I am frequently confronted by the question “Are you going to make me lose weight before I have weight loss surgery”? My answer is no, for several reasons, it makes little or no sense and there is scant scientific data to support it.
1-Anatomical and 2-psychological-behavior related variables have been suggested as the reasoning for the recommendations for diet before weight loss surgery.
Let’s see what the scientific evidence says about this.
1-Liver can be divided into two anatomical lobes. The tail end of the left lobe may extend all the way to the upper left side of the abdomen covering the upper 1/3 of the stomach, the gastro-esophageal junction (GEJ) and the esophageal hiatus. It was suggested that the access to the GEJ could be made easier, if the left lobe of the liver was smaller.
“A decrease in the size of the liver by 18% was shown in patients who were subjected to a very low-energy diet for 12- weeks.” This was published by Colles et.al in a small study of 39 subjects.
It is important to appreciate that this reduction in liver size meant that a patient would have to tolerate an ultra low caloric diet (less than 500/day) for 12 weeks. The interesting observation was that even with this reduction in the size of the liver there was “… no difference shown in morbidity, mortality, hospital stay, and decrease in morbidity- associated diseases whether there is preoperative weight loss or not.”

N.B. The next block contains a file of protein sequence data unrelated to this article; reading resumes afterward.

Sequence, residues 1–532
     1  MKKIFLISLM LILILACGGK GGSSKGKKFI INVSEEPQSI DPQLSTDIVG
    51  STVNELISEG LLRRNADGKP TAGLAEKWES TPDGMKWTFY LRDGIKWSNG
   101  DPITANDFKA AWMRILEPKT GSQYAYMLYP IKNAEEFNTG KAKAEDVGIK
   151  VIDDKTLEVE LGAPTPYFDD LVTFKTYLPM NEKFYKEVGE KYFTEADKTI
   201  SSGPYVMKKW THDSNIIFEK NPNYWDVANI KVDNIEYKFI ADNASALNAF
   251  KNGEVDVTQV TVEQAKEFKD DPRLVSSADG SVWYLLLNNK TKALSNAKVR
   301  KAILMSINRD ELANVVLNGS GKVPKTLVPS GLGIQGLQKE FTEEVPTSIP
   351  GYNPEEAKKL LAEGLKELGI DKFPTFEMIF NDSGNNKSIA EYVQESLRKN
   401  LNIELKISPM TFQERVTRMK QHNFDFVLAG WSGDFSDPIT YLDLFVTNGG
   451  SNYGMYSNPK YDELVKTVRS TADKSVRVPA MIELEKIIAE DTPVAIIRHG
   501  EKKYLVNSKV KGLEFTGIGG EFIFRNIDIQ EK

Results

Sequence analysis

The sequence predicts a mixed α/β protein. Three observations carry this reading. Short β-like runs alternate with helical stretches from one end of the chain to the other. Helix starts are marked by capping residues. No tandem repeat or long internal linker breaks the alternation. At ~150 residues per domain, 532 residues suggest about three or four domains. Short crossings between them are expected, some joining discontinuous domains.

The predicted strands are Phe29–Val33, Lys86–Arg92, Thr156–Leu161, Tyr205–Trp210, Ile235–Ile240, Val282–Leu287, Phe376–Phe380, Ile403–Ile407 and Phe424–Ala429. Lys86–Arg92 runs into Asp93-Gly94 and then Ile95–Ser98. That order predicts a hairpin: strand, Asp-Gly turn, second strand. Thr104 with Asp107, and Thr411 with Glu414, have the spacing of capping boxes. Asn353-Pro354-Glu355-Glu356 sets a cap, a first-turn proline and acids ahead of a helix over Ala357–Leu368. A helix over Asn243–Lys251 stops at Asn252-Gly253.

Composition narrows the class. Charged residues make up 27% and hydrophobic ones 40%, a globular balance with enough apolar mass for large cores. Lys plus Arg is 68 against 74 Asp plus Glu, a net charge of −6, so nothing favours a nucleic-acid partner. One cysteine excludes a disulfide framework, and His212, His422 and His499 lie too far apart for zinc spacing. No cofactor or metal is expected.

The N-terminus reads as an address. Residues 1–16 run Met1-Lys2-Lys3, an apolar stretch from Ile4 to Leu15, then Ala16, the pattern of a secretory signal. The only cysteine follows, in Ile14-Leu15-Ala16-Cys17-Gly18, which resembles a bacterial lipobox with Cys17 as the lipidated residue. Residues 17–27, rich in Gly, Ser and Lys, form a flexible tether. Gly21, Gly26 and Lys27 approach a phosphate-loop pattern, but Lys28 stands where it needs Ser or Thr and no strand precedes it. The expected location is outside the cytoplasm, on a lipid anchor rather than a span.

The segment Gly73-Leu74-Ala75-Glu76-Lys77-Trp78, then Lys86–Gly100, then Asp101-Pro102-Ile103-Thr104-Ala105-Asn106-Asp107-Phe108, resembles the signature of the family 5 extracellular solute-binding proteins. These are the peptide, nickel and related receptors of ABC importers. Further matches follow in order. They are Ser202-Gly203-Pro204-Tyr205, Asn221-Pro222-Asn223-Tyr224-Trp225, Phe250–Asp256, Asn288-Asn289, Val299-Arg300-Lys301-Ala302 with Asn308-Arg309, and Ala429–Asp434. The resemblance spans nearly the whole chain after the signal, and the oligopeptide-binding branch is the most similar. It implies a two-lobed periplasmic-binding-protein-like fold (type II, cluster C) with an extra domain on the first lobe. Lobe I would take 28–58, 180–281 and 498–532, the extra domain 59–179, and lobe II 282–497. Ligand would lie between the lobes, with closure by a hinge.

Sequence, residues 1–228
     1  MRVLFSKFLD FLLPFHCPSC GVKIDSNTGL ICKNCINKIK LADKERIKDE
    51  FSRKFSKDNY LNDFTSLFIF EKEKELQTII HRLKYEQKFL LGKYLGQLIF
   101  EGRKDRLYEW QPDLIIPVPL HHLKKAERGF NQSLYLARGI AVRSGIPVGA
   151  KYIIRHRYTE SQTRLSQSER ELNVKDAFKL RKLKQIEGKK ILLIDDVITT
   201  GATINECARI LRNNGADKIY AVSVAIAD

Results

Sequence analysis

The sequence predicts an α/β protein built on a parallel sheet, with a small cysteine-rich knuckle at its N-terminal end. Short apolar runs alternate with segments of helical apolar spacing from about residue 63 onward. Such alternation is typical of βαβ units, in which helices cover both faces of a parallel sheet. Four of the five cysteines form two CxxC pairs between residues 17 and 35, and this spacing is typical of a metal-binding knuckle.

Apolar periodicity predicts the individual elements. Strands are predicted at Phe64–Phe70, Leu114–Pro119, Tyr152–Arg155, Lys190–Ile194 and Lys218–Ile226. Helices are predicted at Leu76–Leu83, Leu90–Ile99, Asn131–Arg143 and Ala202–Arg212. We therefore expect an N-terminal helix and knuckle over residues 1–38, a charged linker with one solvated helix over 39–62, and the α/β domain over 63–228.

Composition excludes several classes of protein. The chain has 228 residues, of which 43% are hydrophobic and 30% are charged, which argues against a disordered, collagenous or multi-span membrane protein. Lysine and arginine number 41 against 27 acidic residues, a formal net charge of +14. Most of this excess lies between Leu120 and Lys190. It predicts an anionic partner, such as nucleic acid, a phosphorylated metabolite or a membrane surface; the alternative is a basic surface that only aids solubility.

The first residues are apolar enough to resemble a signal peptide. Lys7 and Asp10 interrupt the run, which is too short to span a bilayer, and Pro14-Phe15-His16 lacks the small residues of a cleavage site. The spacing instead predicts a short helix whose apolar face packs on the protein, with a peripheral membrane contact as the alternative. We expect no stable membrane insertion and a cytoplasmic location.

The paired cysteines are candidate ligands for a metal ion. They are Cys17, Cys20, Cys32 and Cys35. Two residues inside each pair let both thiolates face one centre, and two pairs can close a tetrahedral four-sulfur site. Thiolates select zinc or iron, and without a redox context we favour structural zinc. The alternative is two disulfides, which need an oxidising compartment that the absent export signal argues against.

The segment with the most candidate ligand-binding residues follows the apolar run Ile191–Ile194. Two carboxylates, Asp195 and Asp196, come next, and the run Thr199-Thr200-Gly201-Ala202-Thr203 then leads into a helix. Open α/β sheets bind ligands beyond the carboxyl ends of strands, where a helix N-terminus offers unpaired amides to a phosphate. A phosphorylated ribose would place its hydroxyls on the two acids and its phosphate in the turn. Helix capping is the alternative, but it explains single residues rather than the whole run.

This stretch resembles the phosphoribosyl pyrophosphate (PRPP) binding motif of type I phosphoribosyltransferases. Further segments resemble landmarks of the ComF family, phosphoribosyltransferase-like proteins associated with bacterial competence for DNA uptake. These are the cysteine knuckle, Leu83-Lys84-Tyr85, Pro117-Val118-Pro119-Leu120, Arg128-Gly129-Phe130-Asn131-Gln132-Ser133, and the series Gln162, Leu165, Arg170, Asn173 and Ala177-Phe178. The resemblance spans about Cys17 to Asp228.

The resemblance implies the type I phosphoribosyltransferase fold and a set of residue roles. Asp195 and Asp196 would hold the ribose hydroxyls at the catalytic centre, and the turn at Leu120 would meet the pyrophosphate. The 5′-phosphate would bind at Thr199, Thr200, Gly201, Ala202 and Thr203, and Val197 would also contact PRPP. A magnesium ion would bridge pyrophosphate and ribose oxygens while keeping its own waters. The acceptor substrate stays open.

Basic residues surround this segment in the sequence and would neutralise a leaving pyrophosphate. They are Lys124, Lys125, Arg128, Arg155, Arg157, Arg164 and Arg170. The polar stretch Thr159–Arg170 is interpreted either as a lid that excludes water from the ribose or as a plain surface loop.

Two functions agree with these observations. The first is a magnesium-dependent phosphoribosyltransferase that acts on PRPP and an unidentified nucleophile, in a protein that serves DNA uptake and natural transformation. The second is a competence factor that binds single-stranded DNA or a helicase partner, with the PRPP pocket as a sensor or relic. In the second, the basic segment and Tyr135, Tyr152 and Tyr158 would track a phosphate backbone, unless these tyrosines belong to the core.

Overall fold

2-Behavior modifications have been entertained as a necessary element to the success of adjustable gastric banding. Numerous studies have shown that there is no predictive value of preoperative weight loss in relation to the weight loss after surgery.
The overwhelming scientific data suggest that there is no value to subjecting a weight loss surgical patient to a pre-surgical ultra low caloric diet.
“The California Department of Managed Health Care recently conducted a review of weight loss prior to bariatric surgery and concluded that “there is no literature presented by any authority that mandated weight loss, once a patient has been identified as a candidate for bariatric surgery, is indicated. This comprehensive review states that mandated weight loss prior to indicated bariatric surgery is without evidence-based support, is not medically necessary, and that the risks of delaying bariatric surgery are real and measurable.” Published by the American Society for Metabolic and Bariatric Surgery in March 2011.